Dudh Kunda’s divine duendeAt an elevation of 4,561 metres and located at the base of the Numbur Himal, the pond is one of the lesser-explored trekking destinations in the country.
Having already witnessed the mountains that can be seen from Pokhara, I wanted to see up close the Himalayas in other regions, and this desire led me to join the Dudh Kunda trek with my colleagues last month.
Dudh Kunda, or the ‘milky pond’ as it is known in Nepali, is located at an elevation of 4,561 metres at the base of the Numbur Himal.
We boarded a jeep from Kathmandu to Salleri, which took around ten hours, and from there, it took us another hour to get to Ringmo, our stop for the first night. Apart from being the starting point for the Dudh Kunda trek, Ringmo is also the gateway for treks to Taksindo, Junbesi, and Lukla begin.
Since we had already done our research, locating a decent hotel in Ringmo didn’t prove difficult. As soon as I walked into the hotel’s lobby, I fell in love with its wooden interior. The next morning was when I finally got to see the village properly. Big or small, the houses in Ringmo are all built in traditional style and painted in the same colours of blue and white. This reminded me of Ghandruk, where concrete buildings have completely destroyed the village’s uniqueness and beauty.
The second day, after a breakfast of satu and ‘shechya’ (tea brewed with salt and butter), a typical breakfast in the Solukhumbu region, we began our climb to Sansarbeni at 6am. The 13-hour hike to Sansarbeni took us via steep and well-marked slopes, vast rhododendron forests (sadly without rhododendrons, as it was not the season), and a wild orchid forest. When we reached Sansberi, it was already 9pm, and we were completely exhausted.
One may wonder why we did not take a break and walked for so many hours; the answer is that after you begin your trek from Ringmo, your only option for an overnight stay other than camping (for which we were prepared, but windy and freezing cold weather did not make it a sensible thing to do) is a crudely constructed house in Sansarbeni. This is one of the reasons why, despite its heavenly beauty, Dudh Kunda is not a popular trekking destination.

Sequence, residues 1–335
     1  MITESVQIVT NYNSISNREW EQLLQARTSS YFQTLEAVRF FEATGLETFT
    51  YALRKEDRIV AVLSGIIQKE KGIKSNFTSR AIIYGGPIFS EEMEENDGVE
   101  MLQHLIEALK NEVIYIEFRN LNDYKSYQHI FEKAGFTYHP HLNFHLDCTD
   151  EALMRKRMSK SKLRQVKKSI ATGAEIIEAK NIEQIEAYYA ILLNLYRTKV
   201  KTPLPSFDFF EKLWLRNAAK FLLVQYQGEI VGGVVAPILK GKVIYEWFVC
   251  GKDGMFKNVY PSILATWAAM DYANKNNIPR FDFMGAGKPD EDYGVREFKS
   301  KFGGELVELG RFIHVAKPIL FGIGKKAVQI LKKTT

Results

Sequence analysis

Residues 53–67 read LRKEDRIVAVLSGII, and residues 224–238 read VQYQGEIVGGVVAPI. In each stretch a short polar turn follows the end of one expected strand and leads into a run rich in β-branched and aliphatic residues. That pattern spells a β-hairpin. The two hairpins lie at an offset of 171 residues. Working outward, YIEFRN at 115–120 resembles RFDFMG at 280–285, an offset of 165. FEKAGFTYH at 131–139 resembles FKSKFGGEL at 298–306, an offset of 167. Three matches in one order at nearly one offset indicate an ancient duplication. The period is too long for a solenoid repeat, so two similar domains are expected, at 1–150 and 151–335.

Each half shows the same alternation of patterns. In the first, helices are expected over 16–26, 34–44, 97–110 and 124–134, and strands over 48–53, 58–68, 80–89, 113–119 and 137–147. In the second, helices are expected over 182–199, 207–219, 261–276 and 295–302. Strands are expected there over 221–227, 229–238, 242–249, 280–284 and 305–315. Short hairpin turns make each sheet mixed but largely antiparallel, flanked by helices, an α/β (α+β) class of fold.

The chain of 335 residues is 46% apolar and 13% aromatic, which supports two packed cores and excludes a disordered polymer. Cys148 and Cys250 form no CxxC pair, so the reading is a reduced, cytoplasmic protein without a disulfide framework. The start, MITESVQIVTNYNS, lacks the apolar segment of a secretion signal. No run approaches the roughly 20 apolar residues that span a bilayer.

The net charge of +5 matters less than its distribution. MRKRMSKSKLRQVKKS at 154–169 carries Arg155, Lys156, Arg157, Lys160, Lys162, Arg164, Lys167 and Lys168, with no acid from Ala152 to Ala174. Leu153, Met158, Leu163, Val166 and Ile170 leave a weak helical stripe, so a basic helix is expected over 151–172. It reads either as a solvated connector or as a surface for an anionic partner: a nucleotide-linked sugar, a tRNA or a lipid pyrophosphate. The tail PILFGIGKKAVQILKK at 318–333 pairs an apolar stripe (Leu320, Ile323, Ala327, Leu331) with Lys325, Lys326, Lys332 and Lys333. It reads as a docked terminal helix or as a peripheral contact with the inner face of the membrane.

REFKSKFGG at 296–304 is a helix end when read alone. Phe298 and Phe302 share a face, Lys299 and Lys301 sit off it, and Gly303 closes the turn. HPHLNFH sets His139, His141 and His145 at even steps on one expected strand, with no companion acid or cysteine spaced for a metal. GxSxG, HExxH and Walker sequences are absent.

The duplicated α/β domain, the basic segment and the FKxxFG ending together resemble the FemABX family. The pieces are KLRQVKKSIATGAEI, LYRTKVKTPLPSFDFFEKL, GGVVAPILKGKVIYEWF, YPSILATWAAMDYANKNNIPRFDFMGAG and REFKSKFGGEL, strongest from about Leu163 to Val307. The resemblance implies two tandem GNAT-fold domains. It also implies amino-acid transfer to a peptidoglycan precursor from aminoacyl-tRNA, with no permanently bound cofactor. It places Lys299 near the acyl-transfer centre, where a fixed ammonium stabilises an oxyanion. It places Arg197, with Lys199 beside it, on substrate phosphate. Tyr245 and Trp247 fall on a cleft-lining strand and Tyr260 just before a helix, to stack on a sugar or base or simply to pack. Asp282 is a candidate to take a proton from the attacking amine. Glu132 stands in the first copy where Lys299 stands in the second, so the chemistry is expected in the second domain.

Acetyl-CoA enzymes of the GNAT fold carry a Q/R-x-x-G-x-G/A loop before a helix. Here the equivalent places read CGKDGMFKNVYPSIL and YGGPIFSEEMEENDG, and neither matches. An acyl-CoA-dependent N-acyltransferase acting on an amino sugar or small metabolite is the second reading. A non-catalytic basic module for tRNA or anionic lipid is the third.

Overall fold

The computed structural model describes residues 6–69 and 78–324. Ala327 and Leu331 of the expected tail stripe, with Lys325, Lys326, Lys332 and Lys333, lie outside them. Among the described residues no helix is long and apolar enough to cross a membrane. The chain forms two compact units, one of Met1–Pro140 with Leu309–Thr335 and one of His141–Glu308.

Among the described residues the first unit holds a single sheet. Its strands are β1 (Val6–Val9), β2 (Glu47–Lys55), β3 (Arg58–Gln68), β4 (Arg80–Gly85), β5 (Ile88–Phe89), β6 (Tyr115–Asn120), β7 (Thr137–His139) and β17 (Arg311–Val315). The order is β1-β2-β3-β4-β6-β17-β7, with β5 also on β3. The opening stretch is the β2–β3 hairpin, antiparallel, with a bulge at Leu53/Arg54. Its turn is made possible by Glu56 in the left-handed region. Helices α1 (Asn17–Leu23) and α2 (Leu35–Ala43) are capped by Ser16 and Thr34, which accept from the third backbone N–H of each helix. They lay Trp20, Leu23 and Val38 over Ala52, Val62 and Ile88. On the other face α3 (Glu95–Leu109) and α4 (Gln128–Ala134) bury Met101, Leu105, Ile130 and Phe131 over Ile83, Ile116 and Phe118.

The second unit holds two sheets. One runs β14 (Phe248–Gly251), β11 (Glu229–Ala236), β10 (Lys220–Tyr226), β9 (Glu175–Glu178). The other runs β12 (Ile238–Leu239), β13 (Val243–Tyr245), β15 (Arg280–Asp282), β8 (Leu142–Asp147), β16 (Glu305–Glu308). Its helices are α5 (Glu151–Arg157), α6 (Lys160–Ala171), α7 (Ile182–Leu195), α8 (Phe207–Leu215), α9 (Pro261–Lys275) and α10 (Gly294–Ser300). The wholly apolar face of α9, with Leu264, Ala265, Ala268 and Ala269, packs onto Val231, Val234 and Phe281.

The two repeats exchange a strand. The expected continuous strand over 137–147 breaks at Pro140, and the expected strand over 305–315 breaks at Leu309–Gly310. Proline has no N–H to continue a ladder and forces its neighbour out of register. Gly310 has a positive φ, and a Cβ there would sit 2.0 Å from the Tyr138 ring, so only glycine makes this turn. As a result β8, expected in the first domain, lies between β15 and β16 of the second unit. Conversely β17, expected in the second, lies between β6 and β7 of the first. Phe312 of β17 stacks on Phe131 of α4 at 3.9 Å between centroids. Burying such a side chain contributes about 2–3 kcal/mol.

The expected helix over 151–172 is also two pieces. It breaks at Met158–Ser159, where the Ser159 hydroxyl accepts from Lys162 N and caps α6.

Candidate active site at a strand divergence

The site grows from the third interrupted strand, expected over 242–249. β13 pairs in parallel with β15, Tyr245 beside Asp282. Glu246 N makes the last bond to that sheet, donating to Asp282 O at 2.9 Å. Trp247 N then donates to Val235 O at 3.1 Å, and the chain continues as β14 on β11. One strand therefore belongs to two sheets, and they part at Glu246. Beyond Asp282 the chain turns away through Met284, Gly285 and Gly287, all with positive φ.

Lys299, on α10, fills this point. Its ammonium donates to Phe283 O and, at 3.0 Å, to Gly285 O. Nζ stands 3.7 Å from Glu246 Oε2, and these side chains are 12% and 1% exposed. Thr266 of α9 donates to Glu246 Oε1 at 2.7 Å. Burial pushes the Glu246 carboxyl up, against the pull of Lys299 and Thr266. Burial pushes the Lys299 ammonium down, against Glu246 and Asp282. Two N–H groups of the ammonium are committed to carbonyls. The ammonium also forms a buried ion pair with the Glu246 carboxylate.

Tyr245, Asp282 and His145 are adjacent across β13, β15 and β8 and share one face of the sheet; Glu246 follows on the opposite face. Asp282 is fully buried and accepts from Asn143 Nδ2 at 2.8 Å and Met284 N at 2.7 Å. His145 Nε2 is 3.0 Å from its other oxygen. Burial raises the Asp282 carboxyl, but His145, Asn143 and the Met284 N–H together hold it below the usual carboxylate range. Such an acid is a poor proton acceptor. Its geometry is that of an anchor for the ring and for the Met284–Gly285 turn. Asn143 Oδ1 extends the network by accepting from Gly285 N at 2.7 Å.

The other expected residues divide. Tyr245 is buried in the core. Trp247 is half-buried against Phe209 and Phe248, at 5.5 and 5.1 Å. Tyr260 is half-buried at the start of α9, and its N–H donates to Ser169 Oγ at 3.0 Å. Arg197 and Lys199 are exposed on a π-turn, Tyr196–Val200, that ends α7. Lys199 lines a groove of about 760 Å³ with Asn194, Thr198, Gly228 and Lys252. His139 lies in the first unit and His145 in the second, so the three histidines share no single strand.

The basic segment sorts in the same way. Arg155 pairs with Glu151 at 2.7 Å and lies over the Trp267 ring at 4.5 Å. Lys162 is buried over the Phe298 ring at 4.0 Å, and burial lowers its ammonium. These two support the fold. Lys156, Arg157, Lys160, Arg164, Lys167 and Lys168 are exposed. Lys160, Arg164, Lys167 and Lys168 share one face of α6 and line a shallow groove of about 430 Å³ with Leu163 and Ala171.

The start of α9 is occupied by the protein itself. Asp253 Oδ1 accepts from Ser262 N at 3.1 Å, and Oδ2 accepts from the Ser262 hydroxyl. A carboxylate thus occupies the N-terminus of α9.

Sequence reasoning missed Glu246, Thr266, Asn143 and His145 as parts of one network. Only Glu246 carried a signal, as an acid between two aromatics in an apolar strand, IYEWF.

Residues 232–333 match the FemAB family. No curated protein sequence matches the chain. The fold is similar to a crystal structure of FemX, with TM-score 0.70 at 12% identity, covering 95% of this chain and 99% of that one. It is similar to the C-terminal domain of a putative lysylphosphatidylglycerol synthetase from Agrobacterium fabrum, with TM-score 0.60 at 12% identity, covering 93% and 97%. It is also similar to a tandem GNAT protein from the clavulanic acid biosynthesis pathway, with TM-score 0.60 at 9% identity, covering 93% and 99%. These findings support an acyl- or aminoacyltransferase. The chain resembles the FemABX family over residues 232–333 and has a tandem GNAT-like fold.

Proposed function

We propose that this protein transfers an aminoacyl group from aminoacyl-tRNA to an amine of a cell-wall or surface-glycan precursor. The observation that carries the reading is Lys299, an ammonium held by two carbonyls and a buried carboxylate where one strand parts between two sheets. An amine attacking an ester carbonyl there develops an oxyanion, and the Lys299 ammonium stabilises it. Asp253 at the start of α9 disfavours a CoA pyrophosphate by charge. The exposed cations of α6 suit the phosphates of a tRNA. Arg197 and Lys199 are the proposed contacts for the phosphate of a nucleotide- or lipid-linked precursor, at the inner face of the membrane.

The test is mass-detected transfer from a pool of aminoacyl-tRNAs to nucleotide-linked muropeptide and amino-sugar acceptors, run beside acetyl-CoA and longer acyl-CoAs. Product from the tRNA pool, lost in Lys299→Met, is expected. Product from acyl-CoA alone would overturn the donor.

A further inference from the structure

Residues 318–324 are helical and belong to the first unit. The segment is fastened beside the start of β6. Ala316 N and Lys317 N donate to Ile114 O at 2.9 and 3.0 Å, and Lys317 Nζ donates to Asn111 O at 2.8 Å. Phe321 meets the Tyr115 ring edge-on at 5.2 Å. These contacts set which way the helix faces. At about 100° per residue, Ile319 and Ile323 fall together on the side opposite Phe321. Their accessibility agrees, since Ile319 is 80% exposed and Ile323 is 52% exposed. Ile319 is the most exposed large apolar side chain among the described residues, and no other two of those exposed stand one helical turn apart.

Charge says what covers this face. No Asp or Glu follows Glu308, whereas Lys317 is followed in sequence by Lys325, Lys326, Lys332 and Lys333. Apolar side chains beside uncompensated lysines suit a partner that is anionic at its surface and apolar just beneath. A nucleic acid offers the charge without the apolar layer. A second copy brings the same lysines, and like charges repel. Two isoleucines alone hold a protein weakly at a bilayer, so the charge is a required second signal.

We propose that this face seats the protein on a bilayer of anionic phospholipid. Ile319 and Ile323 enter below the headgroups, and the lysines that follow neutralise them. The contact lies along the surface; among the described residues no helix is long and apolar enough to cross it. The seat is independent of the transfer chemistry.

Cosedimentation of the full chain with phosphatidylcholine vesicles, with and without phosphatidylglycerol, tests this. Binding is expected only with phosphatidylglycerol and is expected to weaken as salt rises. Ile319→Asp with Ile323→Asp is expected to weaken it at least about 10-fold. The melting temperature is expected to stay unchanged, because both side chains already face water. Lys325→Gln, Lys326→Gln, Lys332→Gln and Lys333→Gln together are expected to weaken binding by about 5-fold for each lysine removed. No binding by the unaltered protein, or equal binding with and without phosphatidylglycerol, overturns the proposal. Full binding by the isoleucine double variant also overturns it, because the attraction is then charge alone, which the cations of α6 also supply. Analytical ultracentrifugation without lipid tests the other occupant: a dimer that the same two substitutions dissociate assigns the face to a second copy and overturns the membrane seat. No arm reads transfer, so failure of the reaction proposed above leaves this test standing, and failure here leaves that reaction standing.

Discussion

During the full-moon week in August, locals and pilgrims gather and celebrate at Dudh Kunda, which is also revered as Lord Shiva’s abode and has religious significance for both Hindus and Buddhists. During other times, you are unlikely to encounter anyone on the way.
The good news for future trekkers is that a few new homestays are being constructed in Kamidanda, between Ringmo and Sansarbeni.
The next morning, after three hours of climbing from Sansarbeni, we reached the divine Dudh Kunda. It was a gift to witness the blessedly serene and divinely icy pond on the lap of Numbur Himal. But instead of being lush with snow, the mountain was rocky and barren because of the lack of snowfall, perhaps because of climate change.
After taking photos from every imaginable angle possible, singing, dancing, and whatnot, we descended to the same hotel in Sansarbeni. We opted to stay there for one more day as we didn’t have enough time or energy to trek down to Ringmo. We reminisced about our experience so far and took a much-needed rest. The weather was terrible.
But the skies cleared up when we began our descent towards Ringmo on day four. I felt like I was in a dream when we reached Kamidanda, the Everest viewpoint, and witnessed the majestic Mount Everest, Mount Kanchenjunga, and key mountains of the Rolwaling Mountain Range—including Numbur Himal (6,958m), Khatang Himal (6,781m) and Mount Karyalung (6,681m). The trail between Kamidanda and Ringmowas covered with wild orchid trees, and this made me feel like I was on the set of the popular Netflix series ‘Dark’ or ‘Stranger Things’, and this elevated the whole experience.
On our final day in Salleri, we bought some local delights. If you ever find yourself in the town, make sure to buy a handmade ‘selroti maker’, a gift your family will love. On day five of our trip, we returned to Kathmandu with our souls fully satiated by the breathtaking grandeur of Dudh Kunda.
Destination: Dudh Kunda
Getting there: Take a jeep or bus from Kathmandu to Salleri and stop for the night at Ringmo. From there, Dudh Kunda is a two-day trek.
Budget: Around Rs 13,000 per person